“Offering patients access to a
primary-care practice where they can develop of trusting relationship with a
care provider is essential to support good health and high productivity. The
real beneficiaries are the employees who will have enhanced access to safe,
efficient care in a medical home.”
Rogers, Executive Director, Patient-Centered Primary Care Collaborative
Patient-Centered Medical Home: An Overview
The Patient-Centered Medical Home (PCMH)
model of care has existed in the U.S. for more than 40 years, having been first
introduced by the American Academy of Pediatrics (AAP) in 1967 as a central
location for the archival of children’s medical records.
Over the past four decades, however, the
PMCH model has evolved into a model of care in which patients have a direct
relationship with a health care provider who coordinates a cooperative team of
health care professionals, takes collective responsibility for their care and
arranges for appropriate care with other qualified providers as needed. This
innovative care model is founded in the principles of health information
technology (IT) and health information exchanges (HIEs) and other means
designed to ensure that patients receive the best care possible when and where
they need it.
Today, the PCMH model of care is
considered one of the most promising strategies for the improvement of health
care quality, decreased health care costs and enhanced patient-provider
relationships in the U.S. Jointly endorsed by the AAP, American Academy of
Family Physicians (AFP), American College of Physicians (ACP) and the American
Osteopathic Association, the model continues to grow in popularity and
currently includes recognized practices in nearly every state, including
Since endorsing this model in 2008, the
Quality Forum has championed the redesign of delivery systems to support
patient-centered, coordinated care for the improvement of quality and health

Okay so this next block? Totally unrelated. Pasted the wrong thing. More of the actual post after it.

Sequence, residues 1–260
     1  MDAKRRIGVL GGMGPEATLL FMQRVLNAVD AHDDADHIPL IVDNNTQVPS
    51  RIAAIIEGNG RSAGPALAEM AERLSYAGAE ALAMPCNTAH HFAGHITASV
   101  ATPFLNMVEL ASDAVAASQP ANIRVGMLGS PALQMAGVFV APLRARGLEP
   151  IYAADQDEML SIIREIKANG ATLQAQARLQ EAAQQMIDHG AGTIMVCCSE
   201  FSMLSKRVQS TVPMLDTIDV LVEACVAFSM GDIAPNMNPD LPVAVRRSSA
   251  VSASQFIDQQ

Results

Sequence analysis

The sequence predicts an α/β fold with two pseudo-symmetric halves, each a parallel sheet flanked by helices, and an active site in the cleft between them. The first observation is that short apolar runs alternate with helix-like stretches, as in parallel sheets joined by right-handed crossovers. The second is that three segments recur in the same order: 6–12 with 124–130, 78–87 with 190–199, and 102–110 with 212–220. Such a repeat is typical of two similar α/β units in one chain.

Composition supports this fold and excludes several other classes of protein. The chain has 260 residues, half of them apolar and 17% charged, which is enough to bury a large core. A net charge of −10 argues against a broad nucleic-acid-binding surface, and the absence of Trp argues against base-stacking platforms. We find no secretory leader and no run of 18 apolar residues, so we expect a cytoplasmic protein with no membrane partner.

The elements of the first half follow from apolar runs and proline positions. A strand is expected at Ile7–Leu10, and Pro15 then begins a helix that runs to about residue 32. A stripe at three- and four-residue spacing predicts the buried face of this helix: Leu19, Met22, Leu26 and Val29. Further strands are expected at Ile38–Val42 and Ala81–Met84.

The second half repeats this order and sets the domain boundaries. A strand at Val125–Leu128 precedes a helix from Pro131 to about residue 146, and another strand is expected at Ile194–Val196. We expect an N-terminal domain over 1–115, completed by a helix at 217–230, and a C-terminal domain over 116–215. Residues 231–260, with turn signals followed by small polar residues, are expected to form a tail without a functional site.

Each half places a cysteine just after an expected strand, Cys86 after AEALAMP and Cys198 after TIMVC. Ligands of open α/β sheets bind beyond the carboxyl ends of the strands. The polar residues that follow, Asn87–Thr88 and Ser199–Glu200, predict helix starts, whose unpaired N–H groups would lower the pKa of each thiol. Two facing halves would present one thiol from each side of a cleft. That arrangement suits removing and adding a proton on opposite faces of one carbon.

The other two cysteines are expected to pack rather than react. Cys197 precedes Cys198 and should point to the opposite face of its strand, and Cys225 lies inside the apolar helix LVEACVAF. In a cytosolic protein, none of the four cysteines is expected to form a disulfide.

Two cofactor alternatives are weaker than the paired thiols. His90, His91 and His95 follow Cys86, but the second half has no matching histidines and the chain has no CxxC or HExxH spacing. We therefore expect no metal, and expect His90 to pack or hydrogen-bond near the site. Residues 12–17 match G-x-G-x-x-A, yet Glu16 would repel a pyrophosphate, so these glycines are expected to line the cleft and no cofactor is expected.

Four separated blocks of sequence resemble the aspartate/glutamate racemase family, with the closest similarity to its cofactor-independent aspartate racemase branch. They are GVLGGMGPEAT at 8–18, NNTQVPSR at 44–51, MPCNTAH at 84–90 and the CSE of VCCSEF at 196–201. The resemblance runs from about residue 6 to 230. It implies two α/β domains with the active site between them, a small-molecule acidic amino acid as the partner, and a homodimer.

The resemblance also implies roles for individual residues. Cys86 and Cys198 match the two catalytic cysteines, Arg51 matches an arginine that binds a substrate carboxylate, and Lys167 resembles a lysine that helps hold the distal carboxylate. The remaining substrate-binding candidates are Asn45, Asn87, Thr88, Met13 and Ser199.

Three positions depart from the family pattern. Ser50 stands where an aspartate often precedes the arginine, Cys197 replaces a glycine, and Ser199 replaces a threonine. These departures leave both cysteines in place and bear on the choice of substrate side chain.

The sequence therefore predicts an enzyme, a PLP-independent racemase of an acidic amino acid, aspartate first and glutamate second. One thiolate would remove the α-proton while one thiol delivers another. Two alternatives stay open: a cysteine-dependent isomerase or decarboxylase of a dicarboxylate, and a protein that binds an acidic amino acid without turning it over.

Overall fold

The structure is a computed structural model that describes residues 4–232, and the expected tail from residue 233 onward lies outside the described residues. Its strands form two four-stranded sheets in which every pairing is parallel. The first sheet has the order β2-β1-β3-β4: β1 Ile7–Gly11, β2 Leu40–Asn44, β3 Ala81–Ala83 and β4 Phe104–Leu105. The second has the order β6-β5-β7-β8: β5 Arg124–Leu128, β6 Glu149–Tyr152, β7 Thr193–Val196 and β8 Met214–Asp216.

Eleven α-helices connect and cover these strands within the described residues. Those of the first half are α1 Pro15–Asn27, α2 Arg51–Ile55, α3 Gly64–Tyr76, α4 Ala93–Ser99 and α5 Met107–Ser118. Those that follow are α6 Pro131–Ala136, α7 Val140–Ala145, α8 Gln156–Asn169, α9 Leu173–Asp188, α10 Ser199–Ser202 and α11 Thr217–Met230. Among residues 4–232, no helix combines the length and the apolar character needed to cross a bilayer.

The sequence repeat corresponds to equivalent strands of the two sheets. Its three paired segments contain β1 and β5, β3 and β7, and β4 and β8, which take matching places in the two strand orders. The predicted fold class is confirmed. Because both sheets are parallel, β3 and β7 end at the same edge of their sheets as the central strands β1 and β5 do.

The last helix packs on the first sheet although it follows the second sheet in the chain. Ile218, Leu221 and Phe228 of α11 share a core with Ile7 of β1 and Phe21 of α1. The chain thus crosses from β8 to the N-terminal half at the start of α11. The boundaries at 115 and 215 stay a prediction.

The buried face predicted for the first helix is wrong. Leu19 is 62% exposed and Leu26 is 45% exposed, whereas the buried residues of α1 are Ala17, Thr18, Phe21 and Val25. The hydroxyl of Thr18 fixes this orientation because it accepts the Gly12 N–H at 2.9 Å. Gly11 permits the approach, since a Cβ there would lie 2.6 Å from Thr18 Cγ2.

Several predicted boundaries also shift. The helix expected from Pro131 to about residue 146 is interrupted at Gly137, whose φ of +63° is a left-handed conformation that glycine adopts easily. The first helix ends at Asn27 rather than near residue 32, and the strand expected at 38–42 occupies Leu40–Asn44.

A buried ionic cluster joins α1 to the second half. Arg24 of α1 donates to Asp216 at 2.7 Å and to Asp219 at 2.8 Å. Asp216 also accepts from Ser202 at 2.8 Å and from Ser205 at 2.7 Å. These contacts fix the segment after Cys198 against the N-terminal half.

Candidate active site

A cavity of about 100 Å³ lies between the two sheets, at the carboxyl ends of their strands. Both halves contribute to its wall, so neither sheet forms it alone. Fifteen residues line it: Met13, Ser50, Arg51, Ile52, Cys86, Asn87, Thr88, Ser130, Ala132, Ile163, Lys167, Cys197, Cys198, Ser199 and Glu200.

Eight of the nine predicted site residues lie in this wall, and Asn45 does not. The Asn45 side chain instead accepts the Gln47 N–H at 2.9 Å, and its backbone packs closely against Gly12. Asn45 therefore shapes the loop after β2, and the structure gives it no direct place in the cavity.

What PCMH Means For Employers
According to the Centers for Disease
Control and Prevention (CDC), healthier employees are generally more
productive. They are less likely to call in sick or use vacation time due to
illness, and because good employee health has a positive impact on the
employee’s family, employees are less likely to miss work due to family
A few facts from the CDC regarding
employee health include:
· Obesity and related chronic diseases cost
employers up to $93 billion per year in health insurance claims.
· Productivity losses related to personal and
family health problems cost U.S. employers $1,685 per employee per year, or
$225.8 billion annually.
· Indirect costs of poor health, including
absenteeism, disability or reduced work output may be several times higher than
direct medical costs.
Employee health benefits are vital to
attracting and retaining employees, and in turn, healthy employees equate to
higher productivity and greater success for their employers. As health
insurance premiums continue to increase, employers want to be certain that the
health coverage they offer employees is affordable and accessible and delivers
positive health outcomes.
Through the PCMH model, according to the
Patient-Centered Primary Care Collaborative, care delivered by primary care
physicians is consistently associated with better outcomes, reduced mortality,
fewer preventable admissions for patients with chronic diseases, lower
utilization, improved patient compliance with recommended care and reduced
And because the PCMH model of care is
designed to provide patients with access to more expansive health information
and a wider range of community resources that can lead to improved health for
employees and their families, employers are becoming increasingly involved in
PCMH program implementation through worksite clinics and other mechanisms.
Employers that support the PCMH model of
care can serve as a bridge between patients and their primary care physicians.
A significant opportunity exists for employers to help improve the quality and
effectiveness of patient care, and thus to increase employee productivity and
efficiency, through the PCMH model.